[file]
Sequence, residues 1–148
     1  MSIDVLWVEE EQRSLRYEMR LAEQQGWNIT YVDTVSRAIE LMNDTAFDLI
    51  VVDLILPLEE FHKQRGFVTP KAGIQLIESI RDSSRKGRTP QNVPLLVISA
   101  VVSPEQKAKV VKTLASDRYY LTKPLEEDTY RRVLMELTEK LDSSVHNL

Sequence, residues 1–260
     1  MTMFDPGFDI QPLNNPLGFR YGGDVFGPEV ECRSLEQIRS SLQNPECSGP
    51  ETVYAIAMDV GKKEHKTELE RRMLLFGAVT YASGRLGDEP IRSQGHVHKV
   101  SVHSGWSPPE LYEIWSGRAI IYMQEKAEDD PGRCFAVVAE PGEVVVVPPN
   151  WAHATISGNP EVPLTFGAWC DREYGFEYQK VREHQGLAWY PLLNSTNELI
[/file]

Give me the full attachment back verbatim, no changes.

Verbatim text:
Sequence, residues 1–148
     1  MSIDVLWVEE EQRSLRYEMR LAEQQGWNIT YVDTVSRAIE LMNDTAFDLI
    51  VVDLILPLEE FHKQRGFVTP KAGIQLIESI RDSSRKGRTP QNVPLLVISA
   101  VVSPEQKAKV VKTLASDRYY LTKPLEEDTY RRVLMELTEK LDSSVHNL

Sequence, residues 1–260
     1  MTMFDPGFDI QPLNNPLGFR YGGDVFGPEV ECRSLEQIRS SLQNPECSGP
    51  ETVYAIAMDV GKKEHKTELE RRMLLFGAVT YASGRLGDEP IRSQGHVHKV
   101  SVHSGWSPPE LYEIWSGRAI IYMQEKAEDD PGRCFAVVAE PGEVVVVPPN
   151  WAHATISGNP EVPLTFGAWC DREYGFEYQK VREHQGLAWY PLLNSTNELI